deed

A Quote by William Shakespeare on deed

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How oft the sight of means to do ill deeds Make deeds ill done!

William Shakespeare (1564 - 1616)

Source: King John, Act 4, Scene 2

Contributed by: Zaady

A Quote by William Shakespeare on deed, good, kindness, and words

'Tis well said again; And 'tis a kind of good deed to say well: And yet words are no deeds.

William Shakespeare (1564 - 1616)

Source: King Henry VIII, Act 3, scene 2.

Contributed by: Zaady

A Quote by William Shakespeare on deed, good, kindness, and words

It is a kind of good deed to say well; and yet words are not deeds.

William Shakespeare (1564 - 1616)

Contributed by: Zaady

A Quote by William Shakespeare on death, deed, dignity, excellence, heaven, husbands, nature, power, and temptation

They that have power to hurt and will do none, That do not do the thing they most do show, Who, moving others, are themselves as stone, Unmoved, cold, and to temptation slow; They rightly do inherit Heaven's graces, And husband nature's riches from expense; They are the lords and owners of their faces, Others but stewards of their excellence. The summer's flower is to the summer sweet, Though to itself it only live and die; But if that flower with base infection meet, The basest weed outbraves his dignity: For Sweetest things turn sourest by their deeds: Lilies that fester smell far worse than weeds.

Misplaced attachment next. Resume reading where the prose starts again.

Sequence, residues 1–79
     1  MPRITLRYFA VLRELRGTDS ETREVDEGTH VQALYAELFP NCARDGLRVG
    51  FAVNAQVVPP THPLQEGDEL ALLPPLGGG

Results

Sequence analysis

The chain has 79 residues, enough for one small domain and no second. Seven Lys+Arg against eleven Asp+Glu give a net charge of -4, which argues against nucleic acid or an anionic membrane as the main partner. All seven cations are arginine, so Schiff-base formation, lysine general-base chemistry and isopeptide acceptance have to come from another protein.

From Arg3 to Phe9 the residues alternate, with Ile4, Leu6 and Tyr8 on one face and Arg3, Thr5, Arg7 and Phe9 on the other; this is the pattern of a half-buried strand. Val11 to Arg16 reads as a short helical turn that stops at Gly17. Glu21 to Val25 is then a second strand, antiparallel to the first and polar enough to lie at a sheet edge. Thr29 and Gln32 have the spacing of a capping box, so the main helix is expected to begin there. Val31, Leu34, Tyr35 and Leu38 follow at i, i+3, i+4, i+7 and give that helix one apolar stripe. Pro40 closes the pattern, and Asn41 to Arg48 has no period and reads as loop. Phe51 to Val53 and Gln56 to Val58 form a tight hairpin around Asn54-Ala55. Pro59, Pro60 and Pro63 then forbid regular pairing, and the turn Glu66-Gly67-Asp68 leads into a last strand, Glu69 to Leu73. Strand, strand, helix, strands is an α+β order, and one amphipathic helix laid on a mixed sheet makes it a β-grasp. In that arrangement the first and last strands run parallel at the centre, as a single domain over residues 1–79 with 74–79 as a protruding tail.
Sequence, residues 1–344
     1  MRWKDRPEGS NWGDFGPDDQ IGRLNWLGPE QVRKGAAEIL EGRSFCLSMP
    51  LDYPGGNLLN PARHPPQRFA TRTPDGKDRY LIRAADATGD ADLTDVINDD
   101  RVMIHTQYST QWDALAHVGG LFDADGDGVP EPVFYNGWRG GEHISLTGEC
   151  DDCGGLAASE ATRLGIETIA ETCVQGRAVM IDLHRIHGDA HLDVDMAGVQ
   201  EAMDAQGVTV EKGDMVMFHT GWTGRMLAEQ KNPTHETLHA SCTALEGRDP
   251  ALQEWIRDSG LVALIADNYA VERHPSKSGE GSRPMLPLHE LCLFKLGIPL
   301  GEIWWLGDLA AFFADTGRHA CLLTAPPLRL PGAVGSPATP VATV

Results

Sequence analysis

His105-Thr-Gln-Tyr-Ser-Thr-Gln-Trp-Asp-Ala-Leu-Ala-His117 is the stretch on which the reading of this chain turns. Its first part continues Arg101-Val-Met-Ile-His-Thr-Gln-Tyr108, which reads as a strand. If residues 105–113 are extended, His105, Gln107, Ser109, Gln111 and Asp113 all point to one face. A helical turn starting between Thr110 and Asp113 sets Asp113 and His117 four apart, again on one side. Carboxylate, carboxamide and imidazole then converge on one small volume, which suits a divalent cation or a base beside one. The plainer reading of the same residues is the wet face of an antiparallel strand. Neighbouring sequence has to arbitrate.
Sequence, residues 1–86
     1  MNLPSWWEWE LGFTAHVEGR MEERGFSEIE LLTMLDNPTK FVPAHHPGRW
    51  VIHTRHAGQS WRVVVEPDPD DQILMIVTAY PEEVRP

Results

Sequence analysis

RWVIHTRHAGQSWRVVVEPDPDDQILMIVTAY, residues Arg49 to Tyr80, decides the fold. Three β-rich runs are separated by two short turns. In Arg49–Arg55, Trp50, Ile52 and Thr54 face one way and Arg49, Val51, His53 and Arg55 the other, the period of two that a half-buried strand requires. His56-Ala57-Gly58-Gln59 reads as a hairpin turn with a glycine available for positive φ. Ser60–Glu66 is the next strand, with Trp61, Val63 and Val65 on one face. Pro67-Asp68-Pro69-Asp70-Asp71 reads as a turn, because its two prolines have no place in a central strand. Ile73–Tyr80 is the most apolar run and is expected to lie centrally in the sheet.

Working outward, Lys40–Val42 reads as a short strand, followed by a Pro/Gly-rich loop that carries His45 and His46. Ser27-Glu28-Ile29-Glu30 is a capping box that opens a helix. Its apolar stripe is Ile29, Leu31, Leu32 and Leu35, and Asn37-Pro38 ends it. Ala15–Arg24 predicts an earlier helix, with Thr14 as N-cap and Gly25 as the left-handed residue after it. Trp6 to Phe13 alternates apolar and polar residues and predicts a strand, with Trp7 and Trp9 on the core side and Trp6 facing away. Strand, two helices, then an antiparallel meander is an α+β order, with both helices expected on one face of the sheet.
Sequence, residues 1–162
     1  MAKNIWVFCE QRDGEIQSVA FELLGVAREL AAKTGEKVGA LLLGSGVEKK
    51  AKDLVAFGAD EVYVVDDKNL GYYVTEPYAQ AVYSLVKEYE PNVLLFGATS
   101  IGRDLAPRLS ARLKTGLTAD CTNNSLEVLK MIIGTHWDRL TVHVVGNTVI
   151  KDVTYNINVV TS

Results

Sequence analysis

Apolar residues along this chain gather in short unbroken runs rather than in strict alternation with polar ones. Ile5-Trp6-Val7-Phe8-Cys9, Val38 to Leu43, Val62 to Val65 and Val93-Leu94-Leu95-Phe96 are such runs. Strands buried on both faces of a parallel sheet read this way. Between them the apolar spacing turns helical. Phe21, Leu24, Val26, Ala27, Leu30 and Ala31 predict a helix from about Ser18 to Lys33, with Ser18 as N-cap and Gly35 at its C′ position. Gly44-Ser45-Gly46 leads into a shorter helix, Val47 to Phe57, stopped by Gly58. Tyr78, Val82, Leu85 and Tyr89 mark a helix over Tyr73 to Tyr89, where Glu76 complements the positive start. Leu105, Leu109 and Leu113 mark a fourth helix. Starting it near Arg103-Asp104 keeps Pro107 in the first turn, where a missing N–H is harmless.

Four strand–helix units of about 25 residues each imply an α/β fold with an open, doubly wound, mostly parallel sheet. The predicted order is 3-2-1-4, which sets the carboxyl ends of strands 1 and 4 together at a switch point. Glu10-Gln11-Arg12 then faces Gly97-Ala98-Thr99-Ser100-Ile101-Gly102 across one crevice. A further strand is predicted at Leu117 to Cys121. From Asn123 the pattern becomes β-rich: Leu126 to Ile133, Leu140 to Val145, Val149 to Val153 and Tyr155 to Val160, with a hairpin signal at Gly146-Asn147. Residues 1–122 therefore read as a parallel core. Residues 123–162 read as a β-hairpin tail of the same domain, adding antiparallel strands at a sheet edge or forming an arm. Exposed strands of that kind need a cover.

William Shakespeare (1564 - 1616)

Source: Sonnet 94

Contributed by: Zaady

A Quote by William Shakespeare on death, deed, and good

One good deed dying tongueless Slaughters a thousand waiting upon that. Our praises are our wages.

William Shakespeare (1564 - 1616)

Source: WINTER'S TALE, Act 1, Scene 2

Contributed by: Zaady

A Quote by William Shakespeare on action, deed, doubt, friendship, good, honor, love, men, power, privacy, reason, speech, wit, words, and worth

Good friends, sweet friends, let me not stir you up To such a sudden flood of mutiny. They that have done this deed are honourable: What private griefs they have, alas! I know not, That made them do it; they are wise and honourable, And will no doubts with reason answer you. I come not, friends, to steal away your hearts: I am no orator, as Brutus is; But, as you know me all, a plain blunt man, That love my friend; and that they know full well That gave me public leave to speak of him: For I have neither wit, nor words, nor worth, Action, nor utterance, nor power of speech, To stir men's blood; I only speak right on; I tell you that which you yourselves do know; Show you sweet Caesar's wounds, poor poor dumb mouths, And bid them speak for me: but were I Brutus, And Brutus Antony, there were an Antony Would ruffle up your spirits and put a tongue In every wound of Caesar that should move The stones of Rome to rise and mutiny.

William Shakespeare (1564 - 1616)

Source: Julius Cæsar, Mark Antony in Act 3, scene 2.

Contributed by: Zaady

A Quote by William Shakespeare on deed

in

How often the sight of means to do ill deeds, makes deeds ill done.

William Shakespeare (1564 - 1616)

Source: King John

Contributed by: Zaady

A Quote by William Shakespeare on deed, fear, force, god, heart, heaven, judaism, justice, mercy, power, prayer, quality, salvation, and seasons